“How do you—” Rose shook her head and headed down the narrow corridor. She wasn’t going to ask the question aloud, because she had no idea whether learning the answer would be useful in the least.
She had just found a drawer of clean towels in what was otherwise a rather grubby kitchen when she realized her de facto patient was joining her, walking unsteadily up the hall and learning on the wall to keep her balance. “Lu—Phil, you should be sitting down.”
“Can’t. I might go to sleep.”
The other woman had wiped more blood from her nose; she looked absolutely dreadful, pasty and sweaty under the grime and gore, but she also appeared grimly bent on moving.
“You can’t sleep?”
“I’ll get … lost. I’ll get lost. There’s too much going on in my head.”
The simple phrase nearly undid Rose. She almost dropped the towel she was holding as she kept herself from laughing or screaming, trying instead to hold on to whatever emotional equilibrium she still had. You’re not the only one to have too much going on in your head, girl. She was tired and hungry; she stank, her head was still pounding, she was confused and she needed to eliminate one of those things from her life as soon as possible.
“Here. Take this towel and wipe your face. And then you’re gonna tell me everything you remember, as much as you can, about yourself and about what happened.”
The other woman stared at her, and seemed about to object, but Rose shook her head and continued. “Think about it. If you’re afraid that … that … Luisa is gonna come back, then use your time wisely, yeah?” She knew she sounded harsh and impatient. She didn’t care.
Phil breathed hard; in and out, then again. “You’re not from around here?”
“No. Like I said … visiting. And I just want to find my — my friend.” Which wasn’t quite the truth. As soon as she could find Jack and rescue the Doctor, she wanted nothing more than to do something about the silk dealers. But she wasn’t going to say that right now.
The other woman considered her, eyes narrowed. Then: “So you’re not with Inverno.”
“Who?” Rose was confused for a minute. “Oh. The governor? No, wait, his assistant, right?”
That seemed to satisfy Phil, although she asked one more question. “You military?”
Sometimes, yeah, though the Doctor pretends like we’re not, Rose thought. He’s the general, we’re the soldiers. “Nah. Just visitors, like I said. Tourists. Why?"
“You think fast.”
Rose laughed, just the tiniest bark. “Only when I have to.”
“Which is now,” her companion agreed, reaching for the cloth and doing a reasonable job, all things considered, of wiping her face. “You’re right. Can you help me back to the front room?”
Rose nodded slowly. “Are you sure you don’t want to find a bed to lie down on?”
“No. Can’t stay too long here, because it’s her place and it’ll bring her ….” Phil tailed off.
“Front room, then,” Rose said hurriedly.
She quickly reclaimed the cloth, rinsed it and gave it back to Phil. Arms entwined, the two shuffled down the hall. Phil collapsed into the overstuffed chair and put the cloth across her eyes while Rose pulled one of the other parlour chairs closer.
“Ready,” Rose said, despite feeling as if she really couldn’t be ready for whatever this girl was going to tell her.
“My full name is Meirelles,” Phil said. “Filomena Meirielles. I’m … aaahh … I’m with General Command. Was with General Command, I mean.” She panted slightly, then resumed.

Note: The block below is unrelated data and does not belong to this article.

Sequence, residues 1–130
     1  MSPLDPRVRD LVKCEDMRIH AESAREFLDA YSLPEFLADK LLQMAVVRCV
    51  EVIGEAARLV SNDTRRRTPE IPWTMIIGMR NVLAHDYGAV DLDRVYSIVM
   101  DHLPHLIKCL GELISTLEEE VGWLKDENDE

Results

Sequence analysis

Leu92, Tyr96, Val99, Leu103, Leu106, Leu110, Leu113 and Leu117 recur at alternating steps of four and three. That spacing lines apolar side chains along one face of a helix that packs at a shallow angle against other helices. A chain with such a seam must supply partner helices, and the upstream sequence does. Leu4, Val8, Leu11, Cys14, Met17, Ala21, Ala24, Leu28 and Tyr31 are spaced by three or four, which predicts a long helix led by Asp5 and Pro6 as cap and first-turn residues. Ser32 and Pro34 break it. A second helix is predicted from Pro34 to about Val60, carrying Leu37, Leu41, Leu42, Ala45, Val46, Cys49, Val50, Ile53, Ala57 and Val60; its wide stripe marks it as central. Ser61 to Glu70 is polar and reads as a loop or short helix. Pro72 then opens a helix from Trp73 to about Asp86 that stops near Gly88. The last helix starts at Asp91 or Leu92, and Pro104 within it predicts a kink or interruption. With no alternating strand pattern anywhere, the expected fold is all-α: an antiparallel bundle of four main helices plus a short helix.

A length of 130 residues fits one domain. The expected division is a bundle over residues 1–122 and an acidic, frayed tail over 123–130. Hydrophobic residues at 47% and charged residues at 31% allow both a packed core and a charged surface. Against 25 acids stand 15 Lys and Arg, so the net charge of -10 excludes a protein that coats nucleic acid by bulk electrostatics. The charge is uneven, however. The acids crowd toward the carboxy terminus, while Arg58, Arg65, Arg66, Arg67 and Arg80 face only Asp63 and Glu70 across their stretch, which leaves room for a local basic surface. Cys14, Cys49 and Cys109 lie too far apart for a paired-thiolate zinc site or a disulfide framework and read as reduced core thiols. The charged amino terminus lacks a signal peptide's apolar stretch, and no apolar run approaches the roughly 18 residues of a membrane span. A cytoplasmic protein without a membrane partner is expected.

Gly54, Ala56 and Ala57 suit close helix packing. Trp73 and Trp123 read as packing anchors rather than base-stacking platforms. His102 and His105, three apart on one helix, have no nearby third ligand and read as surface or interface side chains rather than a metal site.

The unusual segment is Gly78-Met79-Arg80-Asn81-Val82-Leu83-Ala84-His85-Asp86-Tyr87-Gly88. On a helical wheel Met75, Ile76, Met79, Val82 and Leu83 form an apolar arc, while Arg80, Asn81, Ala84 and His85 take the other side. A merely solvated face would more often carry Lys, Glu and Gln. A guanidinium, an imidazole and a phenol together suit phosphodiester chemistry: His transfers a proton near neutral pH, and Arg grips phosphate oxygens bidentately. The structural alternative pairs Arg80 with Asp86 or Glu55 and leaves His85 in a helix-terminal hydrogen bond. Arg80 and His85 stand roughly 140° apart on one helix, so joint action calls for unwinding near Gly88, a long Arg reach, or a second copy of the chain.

“Cabo-lança Meirelles. Imperador Armada, Lizhbau Legion. That’s what I joined, even if Inverno’s trying to … no, no, stick to the point. Right.” She pulled the cloth from her face, and tried to sit up straighter in the chair.
“I used to be attached to … to … Tenante. The Tenante. Tenante Fahrar. I was attached to her. Tough, but good, that’s what they told me. She’s all that and more. If it wasn’t for … my … my head, it’s hurting more.”
Rose forced herself not to say anything, though her bones ached in sympathy for the other woman. She had nothing for Phil’s pain, and couldn’t afford to feel guilty for wanting to scream at her to get on with it.
“I— no, here’s the thing.” Phil interrupted herself and wiped her mouth. “Inverno and Bohlver, they’re killing Lizhbau. Treasonous, silk-dealing filth. My mother hated it. Didn’t want me to go into the military … look what it did to my dad and my auntie, that’s what she always said …”
“And?” Rose risked the prompt.
“My mother was involved in the opposition. When she disappeared, I knew I had to do something. Sera Lumina … stay out of my head, my head— aauuh …”
“Hold on Phil. Come on.”
Phil shook her head and Rose saw her start shivering, despite the heat still pouring off her. “I feel — I know the other one’s trying to come back.”
“Stay … come on, just stay with me,” Rose said. She desperately needed some information. What could she do to keep the woman — this woman — talking?
Again she remembered her gran, so tired in the last days. Rose seized on the tail-end of something that might be inspiration and went with it. “Luisa? Let me talk to her, Phil.”
Phil glared at her, shocked and betrayed. “No!”
“Trust me,” Rose said, forcing herself forward and touched the girl’s shoulder, ignoring her flinching attempt to ward Rose off. “Please. Trust me.”
Let this work, let this work, don’t have time for it not to. “Luisa, you there, sweetheart?”
“Rose?” The voice had changed again. The diction was different, the delivery was more hesitant. This was Luisa, Rose knew.
“Yeah, it’s me.” She braced herself mentally, then launched into what she hoped was the right thing to say. “And I need you to do something really important. Remember how you trusted me, and I got us out of — out of the cages?”
“Ye-ess. Yes, I remember.”
“And remember how I got us out of the juggernaut after the accident?”
A very small nod, eyes wide.
“And remember how we got here, together, like a team? You an’ me, a team?”
The nod again.
“So you’ve gotta trust me now, like you did then. I know how tired you are. You’re tired, right?”
The other girl’s eyes filled with tears.
“So you need to sleep. Just go to sleep now. Let the other girl take the weight … let her — her name’s Phil, and she’s … she’s my friend — let her take care of you. Like I’m doing.”
Rose was acting on the memory of Jackie sitting next to her grandmother, urging Gran to sleep, calming her confused rages by telling her how wonderful it was to sleep.
Despite her fear that it wouldn’t work, the girl next to her closed her eyes with a sigh. When they opened again, another woman looked out.
Rose tried to ignore the stab of guilt she felt. “Keep talkin’,” she said softly to Phil, as if speaking too loudly could awaken her original companion. “You’re Meirelles. Cabo … uhm — ”